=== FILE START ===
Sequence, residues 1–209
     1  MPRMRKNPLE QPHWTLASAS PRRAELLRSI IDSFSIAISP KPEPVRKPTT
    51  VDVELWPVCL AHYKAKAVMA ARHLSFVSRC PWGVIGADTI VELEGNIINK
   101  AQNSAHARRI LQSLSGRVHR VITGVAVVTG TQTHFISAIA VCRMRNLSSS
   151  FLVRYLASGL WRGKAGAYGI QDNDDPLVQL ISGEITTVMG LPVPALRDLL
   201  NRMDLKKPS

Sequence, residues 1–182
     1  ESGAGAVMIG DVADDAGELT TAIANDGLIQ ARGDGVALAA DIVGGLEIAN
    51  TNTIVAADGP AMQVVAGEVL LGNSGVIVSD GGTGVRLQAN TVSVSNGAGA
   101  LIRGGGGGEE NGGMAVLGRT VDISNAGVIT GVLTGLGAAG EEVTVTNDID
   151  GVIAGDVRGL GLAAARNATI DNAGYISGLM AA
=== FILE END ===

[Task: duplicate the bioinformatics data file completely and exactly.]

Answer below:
Sequence, residues 1–209
     1  MPRMRKNPLE QPHWTLASAS PRRAELLRSI IDSFSIAISP KPEPVRKPTT
    51  VDVELWPVCL AHYKAKAVMA ARHLSFVSRC PWGVIGADTI VELEGNIINK
   101  AQNSAHARRI LQSLSGRVHR VITGVAVVTG TQTHFISAIA VCRMRNLSSS
   151  FLVRYLASGL WRGKAGAYGI QDNDDPLVQL ISGEITTVMG LPVPALRDLL
   201  NRMDLKKPS

Sequence, residues 1–182
     1  ESGAGAVMIG DVADDAGELT TAIANDGLIQ ARGDGVALAA DIVGGLEIAN
    51  TNTIVAADGP AMQVVAGEVL LGNSGVIVSD GGTGVRLQAN TVSVSNGAGA
   101  LIRGGGGGEE NGGMAVLGRT VDISNAGVIT GVLTGLGAAG EEVTVTNDID
   151  GVIAGDVRGL GLAAARNATI DNAGYISGLM AA